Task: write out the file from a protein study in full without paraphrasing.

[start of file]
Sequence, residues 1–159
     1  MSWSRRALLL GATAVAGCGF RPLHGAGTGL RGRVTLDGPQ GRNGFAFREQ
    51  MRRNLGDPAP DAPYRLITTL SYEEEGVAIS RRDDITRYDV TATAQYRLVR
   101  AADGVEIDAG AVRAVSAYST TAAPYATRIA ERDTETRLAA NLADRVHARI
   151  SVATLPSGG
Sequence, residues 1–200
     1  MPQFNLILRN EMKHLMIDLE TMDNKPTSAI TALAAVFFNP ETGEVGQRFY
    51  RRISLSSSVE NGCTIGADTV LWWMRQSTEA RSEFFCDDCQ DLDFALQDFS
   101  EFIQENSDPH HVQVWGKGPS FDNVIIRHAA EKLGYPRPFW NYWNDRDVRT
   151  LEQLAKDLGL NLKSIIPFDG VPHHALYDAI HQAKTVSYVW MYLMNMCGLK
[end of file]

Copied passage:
Sequence, residues 1–159
     1  MSWSRRALLL GATAVAGCGF RPLHGAGTGL RGRVTLDGPQ GRNGFAFREQ
    51  MRRNLGDPAP DAPYRLITTL SYEEEGVAIS RRDDITRYDV TATAQYRLVR
   101  AADGVEIDAG AVRAVSAYST TAAPYATRIA ERDTETRLAA NLADRVHARI
   151  SVATLPSGG
Sequence, residues 1–200
     1  MPQFNLILRN EMKHLMIDLE TMDNKPTSAI TALAAVFFNP ETGEVGQRFY
    51  RRISLSSSVE NGCTIGADTV LWWMRQSTEA RSEFFCDDCQ DLDFALQDFS
   101  EFIQENSDPH HVQVWGKGPS FDNVIIRHAA EKLGYPRPFW NYWNDRDVRT
   151  LEQLAKDLGL NLKSIIPFDG VPHHALYDAI HQAKTVSYVW MYLMNMCGLK